And then there’s the sci-fi element, often a bedfellow of dystopia. Plastic Jesus is set within the near future, 50-odd years from now. The story employs the cell phone as essential tech, a one-stop-shop for connection to the Net, wirelessly syncing APPs to do just about anything in the real world, from switching on lights to paying for drinks. The cell also provides access to virtual reality, pure unadulterated escapism. This requires the user to physically plug their brains into the cell using tech known as a wiretap and coil.
Are you scared yet? You should be: we’re not far off all this with our growing obsession with social networking and smart phones doing just about everything short of raising Jesus from the dead. And that’s dystopia too: a glimpse at what could be; the tyranny of 1984, perhaps, or brutality of Battle Royale or, indeed, Blade Runner.
But let’s not get too carried away. Plastic Jesus may qualify as dystopian fiction, and it may even hit upon some contemporary themes, such as the evolution of smart phones and social networking, but are these really things to be fearful of? Let’s face it, dystopian fiction isn’t exactly the Nostradamus of the literary world. See any robots in government yet? Japanese schoolgirls with machine guns? Exactly. You see, when it all boils down, a dystopian novel or film may say more about its writer than the world around him: it takes a certain type of miserable bastard to pen this stuff. Ever seen Ridley Scott interviewed? Not the cheeriest fellow. Blade Runner was a troubled shoot, by all accounts, both Ford and Scott reported as difficult to work with. Now, on the face of it, I consider myself quite an affable sort; I’m not your average artiste, disappearing up my own arse for large parts of the day. But I’m no Pollyanna, either, that’s for sure, and it wouldn’t take a shrink to spot little bits of my own psyche within this book: the hang-ups with religion; that lingering shadow of guilt; an underlying misanthropy, perhaps?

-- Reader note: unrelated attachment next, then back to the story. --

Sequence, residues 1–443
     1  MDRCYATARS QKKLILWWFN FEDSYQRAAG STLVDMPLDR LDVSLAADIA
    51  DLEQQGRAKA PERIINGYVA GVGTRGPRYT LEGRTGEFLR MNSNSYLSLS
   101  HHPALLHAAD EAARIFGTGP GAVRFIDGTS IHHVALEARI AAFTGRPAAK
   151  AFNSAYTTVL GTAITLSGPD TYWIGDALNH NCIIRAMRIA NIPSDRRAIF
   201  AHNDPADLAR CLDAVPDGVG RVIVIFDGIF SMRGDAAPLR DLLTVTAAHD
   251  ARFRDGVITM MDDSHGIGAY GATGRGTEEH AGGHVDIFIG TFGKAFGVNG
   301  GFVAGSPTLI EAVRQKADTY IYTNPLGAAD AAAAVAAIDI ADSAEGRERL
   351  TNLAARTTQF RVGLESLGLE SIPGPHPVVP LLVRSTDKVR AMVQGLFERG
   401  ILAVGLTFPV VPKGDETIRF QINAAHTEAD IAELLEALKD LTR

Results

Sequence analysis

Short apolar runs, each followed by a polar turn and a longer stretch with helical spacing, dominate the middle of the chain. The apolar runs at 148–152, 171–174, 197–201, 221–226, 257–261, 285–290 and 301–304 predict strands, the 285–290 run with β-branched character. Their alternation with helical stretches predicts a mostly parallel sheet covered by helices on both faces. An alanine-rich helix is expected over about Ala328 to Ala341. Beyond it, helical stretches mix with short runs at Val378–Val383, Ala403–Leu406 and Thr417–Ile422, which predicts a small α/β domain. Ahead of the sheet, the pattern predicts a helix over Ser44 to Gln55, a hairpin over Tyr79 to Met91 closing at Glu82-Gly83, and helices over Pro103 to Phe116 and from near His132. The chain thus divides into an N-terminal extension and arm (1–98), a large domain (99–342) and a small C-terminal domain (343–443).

But we do need dystopia. Just as much as we need utopia. It’s the yin to our yang, the fears to our hopes, the flip side of an ever-spinning coin. And while dystopian storytelling is important, it’s also entertaining: I’ve just picked up the blu ray edition of Blade Runner: The Final Cut. The film’s had more editions than a ten bob note and there’s something to be said for that. It’s just about my favourite film in the world so to have my own work even mentioned in the same sentence as Ridley Scott’s seminal masterpiece is nothing short of humbling.
And maybe a little scary…
Plastic Jesus is available from Foyles for Books and all good bookshops.